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 user 2005-03-09 at 10:08:00 am Views: 45
  • #10756
     follow my leader
    MARCH 05

    Canon’s plans to manufacture in Vietnam
    have placed the spotlight on a new contender for China’s glory. How does it
    match up?

    Just last decade, Vietnam was likened to the American Wild
    West – an expanse of badly-connected towns governed by little regulation. The
    cause? Ravaging years of war and the loss of financial support from the old
    Soviet Bloc.

    So with such a solemn backdrop, news in December that Canon
    plans to start manufacturing laser printers for export in Vietnam as of January
    2006 (and
    inkjet printers as of June 2005)
    still makes headlines. The tech giant, which has been making bubble-jet printers
    there for export since 2002, has earmarked ¥5 billion ($48.7 million) to build a
    large industrial park in the Bacninh province, at which it expects around 3,000
    workers to knock out 700,000 units a month by 2007.

    Indeed, modern day
    Vietnam is a lot less wild and unruly than last time many of us looked. Since
    the beginning of the decade, the Vietnamese authorities have reaffirmed their
    commitment to economic liberalisation and attracting competitive, export-driven
    industries. Vietnam is expected to achieve a GDP of 7.4 per cent this year, and
    the industrial sector grew by a whopping 39.7 per cent in 2004.

    although these figures are impressive, can Vietnam really market itself to
    foreign manufacturers as a viable alternative to China?

    Canon would say
    so. A company spokesman told OPI: “From a strategic point of view, a Vietnamese
    location offered many real advantages. At the top of our list was the perfect
    match between the skilful, highly motivated Vietnamese workers and the cell
    production environment we employ at our plants. For the production of printers,
    Canon Vietnam is a self-sufficient operation.

    “And although
    manufacturing costs are comparatively low in Vietnam, the local wage structure
    was peripheral to our decision to locate a plant there,” he adds. In fact, the
    average salary of Vietnamese workers is about 60-70 per cent of that of China
    and Thailand, according to Vietnamese minister of planning and investment Vo
    Hong Phuc.

    Certainly, the Vietnamese government is out to woo foreign
    manufacturers. It has already lowered land rental fees; loosened approval of
    investment licences for new factories from central to local level; and set out
    plans to give foreign companies the right to mortgage their assets.

    Trading environments have warmed too. And in the two years after the
    US-Vietnam Bilateral Trade Agreement came into force in 2001, the export of
    computers and electronic single parts to the US increased more than 480 times;
    furniture and plastic products three times – good news for OP and furniture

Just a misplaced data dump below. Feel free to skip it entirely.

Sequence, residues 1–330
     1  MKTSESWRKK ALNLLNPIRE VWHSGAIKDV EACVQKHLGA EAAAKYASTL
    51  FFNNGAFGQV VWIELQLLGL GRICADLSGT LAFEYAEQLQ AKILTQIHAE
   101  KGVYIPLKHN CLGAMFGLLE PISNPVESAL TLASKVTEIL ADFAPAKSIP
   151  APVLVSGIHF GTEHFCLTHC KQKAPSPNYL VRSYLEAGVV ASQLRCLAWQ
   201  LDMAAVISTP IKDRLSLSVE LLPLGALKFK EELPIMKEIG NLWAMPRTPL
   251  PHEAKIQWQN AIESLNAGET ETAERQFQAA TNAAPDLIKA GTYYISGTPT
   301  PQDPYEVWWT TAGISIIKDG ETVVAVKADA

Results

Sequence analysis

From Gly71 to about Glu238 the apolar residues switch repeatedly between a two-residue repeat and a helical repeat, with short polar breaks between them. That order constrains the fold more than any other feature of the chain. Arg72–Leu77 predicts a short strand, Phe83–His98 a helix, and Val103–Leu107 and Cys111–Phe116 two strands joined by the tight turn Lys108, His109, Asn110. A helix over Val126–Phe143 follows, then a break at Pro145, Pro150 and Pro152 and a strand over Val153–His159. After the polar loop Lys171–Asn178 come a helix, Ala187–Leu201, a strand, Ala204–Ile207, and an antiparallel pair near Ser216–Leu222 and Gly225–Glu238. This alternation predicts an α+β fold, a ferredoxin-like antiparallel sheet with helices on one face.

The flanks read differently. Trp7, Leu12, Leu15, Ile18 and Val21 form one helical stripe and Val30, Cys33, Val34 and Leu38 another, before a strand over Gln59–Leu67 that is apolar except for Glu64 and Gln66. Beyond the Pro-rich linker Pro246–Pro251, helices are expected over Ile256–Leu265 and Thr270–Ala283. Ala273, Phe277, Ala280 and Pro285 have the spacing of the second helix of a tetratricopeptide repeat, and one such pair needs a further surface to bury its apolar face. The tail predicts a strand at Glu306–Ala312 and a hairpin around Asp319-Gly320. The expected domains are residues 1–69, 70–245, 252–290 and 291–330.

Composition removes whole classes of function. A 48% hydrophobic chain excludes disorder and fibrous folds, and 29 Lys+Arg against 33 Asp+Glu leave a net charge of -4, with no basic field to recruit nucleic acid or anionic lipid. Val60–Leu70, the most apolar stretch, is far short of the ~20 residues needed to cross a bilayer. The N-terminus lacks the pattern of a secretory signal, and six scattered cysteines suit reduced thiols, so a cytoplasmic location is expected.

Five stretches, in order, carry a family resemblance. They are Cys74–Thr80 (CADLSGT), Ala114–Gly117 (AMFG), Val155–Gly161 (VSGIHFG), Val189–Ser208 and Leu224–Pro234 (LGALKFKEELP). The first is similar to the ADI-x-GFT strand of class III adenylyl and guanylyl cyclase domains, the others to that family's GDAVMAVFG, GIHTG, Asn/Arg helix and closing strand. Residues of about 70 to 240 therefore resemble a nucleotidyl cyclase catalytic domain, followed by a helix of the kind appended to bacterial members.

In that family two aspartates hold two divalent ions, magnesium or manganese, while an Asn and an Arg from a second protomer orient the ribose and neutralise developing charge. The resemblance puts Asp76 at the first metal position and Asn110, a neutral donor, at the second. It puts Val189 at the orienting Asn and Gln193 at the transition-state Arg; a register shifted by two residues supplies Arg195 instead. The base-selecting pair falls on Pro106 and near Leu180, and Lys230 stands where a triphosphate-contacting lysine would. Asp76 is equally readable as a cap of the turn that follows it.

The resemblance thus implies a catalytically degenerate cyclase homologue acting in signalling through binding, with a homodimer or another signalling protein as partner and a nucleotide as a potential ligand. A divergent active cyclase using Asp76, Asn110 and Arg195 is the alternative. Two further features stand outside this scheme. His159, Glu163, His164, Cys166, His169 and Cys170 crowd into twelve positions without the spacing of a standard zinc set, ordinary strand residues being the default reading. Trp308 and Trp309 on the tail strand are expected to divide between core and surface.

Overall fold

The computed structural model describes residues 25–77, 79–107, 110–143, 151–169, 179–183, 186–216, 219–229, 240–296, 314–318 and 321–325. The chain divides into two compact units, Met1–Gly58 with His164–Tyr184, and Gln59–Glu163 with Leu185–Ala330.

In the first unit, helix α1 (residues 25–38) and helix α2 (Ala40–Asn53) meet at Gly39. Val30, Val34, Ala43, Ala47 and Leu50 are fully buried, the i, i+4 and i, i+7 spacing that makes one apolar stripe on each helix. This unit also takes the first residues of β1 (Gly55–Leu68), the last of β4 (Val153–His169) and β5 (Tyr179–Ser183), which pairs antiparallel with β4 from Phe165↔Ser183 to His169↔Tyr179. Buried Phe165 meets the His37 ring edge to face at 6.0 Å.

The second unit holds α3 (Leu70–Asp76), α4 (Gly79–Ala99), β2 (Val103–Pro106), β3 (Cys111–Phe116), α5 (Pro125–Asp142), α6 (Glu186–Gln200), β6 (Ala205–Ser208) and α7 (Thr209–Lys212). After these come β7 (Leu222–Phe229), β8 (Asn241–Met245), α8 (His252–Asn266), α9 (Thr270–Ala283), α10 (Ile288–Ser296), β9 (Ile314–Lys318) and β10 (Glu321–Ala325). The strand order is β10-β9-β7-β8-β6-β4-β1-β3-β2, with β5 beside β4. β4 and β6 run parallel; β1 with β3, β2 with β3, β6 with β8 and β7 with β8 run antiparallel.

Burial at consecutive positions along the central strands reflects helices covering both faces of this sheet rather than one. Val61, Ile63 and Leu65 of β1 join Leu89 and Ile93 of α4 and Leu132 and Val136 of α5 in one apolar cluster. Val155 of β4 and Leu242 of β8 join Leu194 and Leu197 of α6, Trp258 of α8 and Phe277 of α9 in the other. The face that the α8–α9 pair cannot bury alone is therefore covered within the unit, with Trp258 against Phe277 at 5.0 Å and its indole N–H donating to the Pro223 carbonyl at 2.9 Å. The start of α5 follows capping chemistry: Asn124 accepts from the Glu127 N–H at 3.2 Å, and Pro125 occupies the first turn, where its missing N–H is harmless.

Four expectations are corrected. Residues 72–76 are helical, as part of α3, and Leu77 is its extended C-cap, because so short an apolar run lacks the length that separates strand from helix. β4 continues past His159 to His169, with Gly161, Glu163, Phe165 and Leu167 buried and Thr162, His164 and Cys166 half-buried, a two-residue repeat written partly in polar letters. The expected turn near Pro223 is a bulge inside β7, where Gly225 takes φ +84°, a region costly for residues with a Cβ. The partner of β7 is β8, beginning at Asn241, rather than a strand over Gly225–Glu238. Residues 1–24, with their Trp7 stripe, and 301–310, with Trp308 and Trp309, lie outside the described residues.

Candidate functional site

manufacturers. And if Vietnam enters the WTO as scheduled this year – even

    But, despite the advantages, many manufacturers are still
    reticent. According to a survey released in December on business sentiment among
    115 foreign and 80 domestic companies conducted by the World Bank, the
    Vietnamese government and the International Finance Corporation, a significant
    number of businesses expressed concerns over uneven regulations, bureaucracy and
    poor legal enforcement.

    Furthermore, the country does not yet possess a
    wide range of supporting industries that are able to provide manufacturers with
    raw materials. Rather than import, OP manufacturers could be forced to look to
    China where supply chains are more established.

    But, according to
    Desmond Wong, America’s coordinating partner for China at Ernst & Young,
    Vietnam’s largest downfall is its limited domestic market. He says: “In China
    you have a surging middle class with increasing purchasing power. Vietnam may
    boast favourable conditions for manufacturers, but its market can never compete
    with China’s.”

    OP manufacturers, however, may be among the few that can
    enjoy a market on their doorstep. With Vietnam’s services sector estimated to
    have grown 38.5 per cent in 2004, a huge amount of new offices are springing up.

    Wong agrees that OP manufacturers could find their niche in Vietnam. “In
    general they make smaller products, which do not require a huge amount of skill
    or an economy of scale.” he says, citing Canon’s printer cells and printer
    cartridges as good examples.

    Therefore, although Vietnam cannot compete
    on an even keel with China quite yet, it should not be dismissed outright.
    Vietnam has the benefit of learning from its neighbours and has proved willing
    to implement the necessary changes to entice foreign manufacturers – although,
    ultimately, they will judge the country on actions not words in the long